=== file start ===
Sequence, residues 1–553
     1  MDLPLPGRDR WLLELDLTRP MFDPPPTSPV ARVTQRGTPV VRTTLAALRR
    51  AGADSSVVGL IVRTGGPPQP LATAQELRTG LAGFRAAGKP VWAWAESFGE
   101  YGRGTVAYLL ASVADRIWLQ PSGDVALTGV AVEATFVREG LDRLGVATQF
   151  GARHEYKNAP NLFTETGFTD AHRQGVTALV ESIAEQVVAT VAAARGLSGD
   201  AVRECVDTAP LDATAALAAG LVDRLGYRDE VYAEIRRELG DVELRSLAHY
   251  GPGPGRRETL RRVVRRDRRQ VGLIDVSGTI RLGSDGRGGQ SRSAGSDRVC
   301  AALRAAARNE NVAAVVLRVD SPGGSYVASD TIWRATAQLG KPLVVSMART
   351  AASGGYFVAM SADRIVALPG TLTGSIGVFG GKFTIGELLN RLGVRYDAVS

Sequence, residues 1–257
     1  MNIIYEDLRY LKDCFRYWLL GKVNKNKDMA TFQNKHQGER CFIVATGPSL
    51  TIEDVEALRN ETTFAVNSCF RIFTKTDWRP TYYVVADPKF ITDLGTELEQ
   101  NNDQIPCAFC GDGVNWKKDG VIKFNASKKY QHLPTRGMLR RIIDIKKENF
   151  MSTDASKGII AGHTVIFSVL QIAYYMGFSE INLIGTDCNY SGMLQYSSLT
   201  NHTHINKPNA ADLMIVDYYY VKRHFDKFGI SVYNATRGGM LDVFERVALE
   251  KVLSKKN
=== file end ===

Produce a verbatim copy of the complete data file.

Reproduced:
Sequence, residues 1–553
     1  MDLPLPGRDR WLLELDLTRP MFDPPPTSPV ARVTQRGTPV VRTTLAALRR
    51  AGADSSVVGL IVRTGGPPQP LATAQELRTG LAGFRAAGKP VWAWAESFGE
   101  YGRGTVAYLL ASVADRIWLQ PSGDVALTGV AVEATFVREG LDRLGVATQF
   151  GARHEYKNAP NLFTETGFTD AHRQGVTALV ESIAEQVVAT VAAARGLSGD
   201  AVRECVDTAP LDATAALAAG LVDRLGYRDE VYAEIRRELG DVELRSLAHY
   251  GPGPGRRETL RRVVRRDRRQ VGLIDVSGTI RLGSDGRGGQ SRSAGSDRVC
   301  AALRAAARNE NVAAVVLRVD SPGGSYVASD TIWRATAQLG KPLVVSMART
   351  AASGGYFVAM SADRIVALPG TLTGSIGVFG GKFTIGELLN RLGVRYDAVS

Sequence, residues 1–257
     1  MNIIYEDLRY LKDCFRYWLL GKVNKNKDMA TFQNKHQGER CFIVATGPSL
    51  TIEDVEALRN ETTFAVNSCF RIFTKTDWRP TYYVVADPKF ITDLGTELEQ
   101  NNDQIPCAFC GDGVNWKKDG VIKFNASKKY QHLPTRGMLR RIIDIKKENF
   151  MSTDASKGII AGHTVIFSVL QIAYYMGFSE INLIGTDCNY SGMLQYSSLT
   201  NHTHINKPNA ADLMIVDYYY VKRHFDKFGI SVYNATRGGM LDVFERVALE
   251  KVLSKKN